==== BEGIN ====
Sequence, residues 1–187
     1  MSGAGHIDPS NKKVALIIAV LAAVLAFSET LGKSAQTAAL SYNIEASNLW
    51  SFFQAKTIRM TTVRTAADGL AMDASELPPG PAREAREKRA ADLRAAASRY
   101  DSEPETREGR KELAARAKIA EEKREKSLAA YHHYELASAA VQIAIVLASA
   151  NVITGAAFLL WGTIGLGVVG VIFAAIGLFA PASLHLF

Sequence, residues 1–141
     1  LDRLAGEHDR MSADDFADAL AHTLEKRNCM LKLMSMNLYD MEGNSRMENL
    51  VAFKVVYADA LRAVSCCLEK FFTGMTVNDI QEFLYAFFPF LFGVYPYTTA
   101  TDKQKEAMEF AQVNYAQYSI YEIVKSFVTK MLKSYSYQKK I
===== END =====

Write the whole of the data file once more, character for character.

Sequence, residues 1–187
     1  MSGAGHIDPS NKKVALIIAV LAAVLAFSET LGKSAQTAAL SYNIEASNLW
    51  SFFQAKTIRM TTVRTAADGL AMDASELPPG PAREAREKRA ADLRAAASRY
   101  DSEPETREGR KELAARAKIA EEKREKSLAA YHHYELASAA VQIAIVLASA
   151  NVITGAAFLL WGTIGLGVVG VIFAAIGLFA PASLHLF

Sequence, residues 1–141
     1  LDRLAGEHDR MSADDFADAL AHTLEKRNCM LKLMSMNLYD MEGNSRMENL
    51  VAFKVVYADA LRAVSCCLEK FFTGMTVNDI QEFLYAFFPF LFGVYPYTTA
   101  TDKQKEAMEF AQVNYAQYSI YEIVKSFVTK MLKSYSYQKK I